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Piano Trio No. 1 in D minor, Op. 49 (1839) [28:20]
Piano Trio No. 2 in C minor, Op. 66 (1846) [30:12]
Julia Fischer (violin)
Jonathan Gilad (cello)
Daniel Müller-Schott (piano)
rec. 14-16 February 2006, Deutschlandfunk Sendesaal, Cologne.
PENTATONE PTC5186609 SACD [59:04]

Given a spruced up look in line with the new uncluttered Pentatone house style, this is a re-release of a recording that was reviewed by Michael Cookson in 2006, who provided a healthy dose of background information on the works and put this recording up with the best of the alternatives at the time.

With its clean, well balanced sound and the warmly communicative expressiveness of the performers this remains an extremely fine version of these two masterpieces of the Piano Trio genre, but a certain amount of water has passed under the bridge since 2006 so, avoiding historical recordings with fortepiano, I've had a look around to see what recordings of these two trios might appeared since by way of competition.

Recorded in resonant splendour, the Münchner Klaviertrio on the Genuin label in 2008 can sound a bit swampy, and there is some heavy vibrato and late-romantic swooping from the strings which I find less than attractive. The opposite side of that particular coin might be the Mendelssohn Piano Trio on the Centaur label from 2010. These players do their best, but the recording is a bit dry, by no means as refined as that from Pentatone, with the cello oddly central in the mix, muddling up clarity. The Swiss Piano Trio have a super-audio recording on the Audite label that appeared in 2011, the players working the rise and fall of the dynamics very effectively and packing a real punch at climaxes without neglecting the music's more sensitive side. This is a more resonant setting than the Pentatone recording, and this seems to have its effect more on the piano than on the strings which can seem a bit odd at times, but this is still one of the better versions. Again from 2011 there is the Trio con Brio Copenhagen on Orchid Classics, a recording with good balance and a fine performance. Returning to he unity of musicianship between Fischer/Müller-Schott/Gilad is where they win over Trio con Brio which, while very fine, is more of a mixed bag when it comes to string sonorities.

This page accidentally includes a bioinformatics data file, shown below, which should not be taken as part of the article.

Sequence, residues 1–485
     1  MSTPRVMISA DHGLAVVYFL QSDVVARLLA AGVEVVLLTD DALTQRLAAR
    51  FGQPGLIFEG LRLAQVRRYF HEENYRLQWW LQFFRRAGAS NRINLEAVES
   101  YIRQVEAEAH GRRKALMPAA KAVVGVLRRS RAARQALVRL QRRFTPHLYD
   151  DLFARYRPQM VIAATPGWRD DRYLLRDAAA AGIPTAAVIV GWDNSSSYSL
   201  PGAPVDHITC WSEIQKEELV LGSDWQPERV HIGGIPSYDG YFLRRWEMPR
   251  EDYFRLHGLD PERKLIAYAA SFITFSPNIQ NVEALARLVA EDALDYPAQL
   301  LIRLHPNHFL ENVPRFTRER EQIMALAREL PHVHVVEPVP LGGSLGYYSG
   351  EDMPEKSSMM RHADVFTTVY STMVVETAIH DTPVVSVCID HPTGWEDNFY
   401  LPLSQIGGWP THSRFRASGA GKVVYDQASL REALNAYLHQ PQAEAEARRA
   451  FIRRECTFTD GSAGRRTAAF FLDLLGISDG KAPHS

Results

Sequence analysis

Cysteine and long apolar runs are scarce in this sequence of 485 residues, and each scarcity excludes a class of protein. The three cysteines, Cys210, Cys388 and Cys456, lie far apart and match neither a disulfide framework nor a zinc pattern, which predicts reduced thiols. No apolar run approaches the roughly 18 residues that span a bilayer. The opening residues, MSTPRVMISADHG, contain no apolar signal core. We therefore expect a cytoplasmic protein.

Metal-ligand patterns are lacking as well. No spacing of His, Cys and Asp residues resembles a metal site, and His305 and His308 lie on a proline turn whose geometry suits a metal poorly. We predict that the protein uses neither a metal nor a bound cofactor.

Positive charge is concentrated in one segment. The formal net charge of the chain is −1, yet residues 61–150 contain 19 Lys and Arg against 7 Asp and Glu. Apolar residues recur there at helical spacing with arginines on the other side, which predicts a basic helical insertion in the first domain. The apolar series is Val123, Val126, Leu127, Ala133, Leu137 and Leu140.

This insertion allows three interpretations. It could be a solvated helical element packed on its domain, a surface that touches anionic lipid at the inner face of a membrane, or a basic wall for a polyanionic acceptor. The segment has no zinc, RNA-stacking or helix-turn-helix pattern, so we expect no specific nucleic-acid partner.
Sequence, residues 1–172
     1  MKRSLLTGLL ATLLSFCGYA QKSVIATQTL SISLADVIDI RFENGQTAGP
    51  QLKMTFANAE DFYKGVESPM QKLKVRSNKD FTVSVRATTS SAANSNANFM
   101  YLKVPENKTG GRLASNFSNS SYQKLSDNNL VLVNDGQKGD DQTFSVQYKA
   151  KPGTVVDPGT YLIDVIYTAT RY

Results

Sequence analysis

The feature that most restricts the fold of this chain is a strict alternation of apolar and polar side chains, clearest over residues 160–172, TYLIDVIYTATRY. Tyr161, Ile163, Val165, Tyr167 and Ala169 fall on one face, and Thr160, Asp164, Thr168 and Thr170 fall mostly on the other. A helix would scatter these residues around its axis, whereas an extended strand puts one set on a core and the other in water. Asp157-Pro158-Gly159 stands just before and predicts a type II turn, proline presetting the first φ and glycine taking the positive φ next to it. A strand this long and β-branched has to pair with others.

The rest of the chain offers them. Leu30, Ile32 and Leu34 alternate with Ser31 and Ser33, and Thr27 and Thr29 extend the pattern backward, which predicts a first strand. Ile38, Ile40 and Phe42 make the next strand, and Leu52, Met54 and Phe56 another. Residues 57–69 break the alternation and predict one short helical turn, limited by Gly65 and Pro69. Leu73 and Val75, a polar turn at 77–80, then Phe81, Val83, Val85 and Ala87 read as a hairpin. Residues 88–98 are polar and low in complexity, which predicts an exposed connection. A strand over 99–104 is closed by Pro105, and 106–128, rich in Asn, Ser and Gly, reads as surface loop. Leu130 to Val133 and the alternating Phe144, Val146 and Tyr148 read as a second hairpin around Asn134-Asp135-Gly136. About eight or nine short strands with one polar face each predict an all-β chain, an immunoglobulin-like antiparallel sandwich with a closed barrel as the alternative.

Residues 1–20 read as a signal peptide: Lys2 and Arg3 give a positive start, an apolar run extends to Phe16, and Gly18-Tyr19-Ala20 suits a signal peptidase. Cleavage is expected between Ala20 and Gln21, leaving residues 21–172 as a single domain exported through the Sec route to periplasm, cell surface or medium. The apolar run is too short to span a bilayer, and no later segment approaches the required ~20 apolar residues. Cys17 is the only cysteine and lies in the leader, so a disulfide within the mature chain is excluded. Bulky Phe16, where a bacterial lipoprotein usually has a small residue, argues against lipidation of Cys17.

In 2012 the Nimbus label brought us the Trio Shaham Erez Wallfisch (review) which I would wish to have loved more but is alas also something of an also-ran, not so much for the performances, which are nicely poised between impassioned romance and classical refinement, but the recording balance, which puts the strings pretty much under your nose with the piano just a little too far away for that nice mix of timbres which makes the music work at its best. The Van Baerle Trio on a Challenge Classics SACD from 2014 is interesting, playing the First Piano Trio from an original manuscript from 1839. These are fine performances but a little too up-close and dry for my taste, with plenty of expressive sniffing. The Sitkovetsky Trio recording on BIS also from 2014 (review) is very fine indeed, having been given 'Recording of the Month' status in its downloaded form (review). This is the version you will want if you seek a really red-blooded account, digging deep and creating a more 'orchestral' set of sonorities than most. This may be too intense for some, but it is very exciting in the fast movements and movingly eloquent in the slow. There are of course others, such as from Trio Dali recorded in 2015. Their release can be found on Zig-Zag Territories (review), but it was not preferred over the Sitkovetsky Trio by David Barker.

Having stomped through this fairly random collection of more or less recent alternatives shows where the refinement of Fischer/Müller-Schott/Gilad shines through. Their combination of dramatic weight and expressiveness remains highly attractive, and while they don't deliver quite the emotional involvement of the Sitkovetsky Trio you might also not always want to be wound-up quite as much each time you listen to these works. For a superbly balanced SACD recording with no nasty rough edges and amongst the finest of performances of these key chamber works you won't go wrong at all with this Pentatone re-release.

Dominy Clements
Previous reviews: Michael Cookson (original release) ~ David Barker



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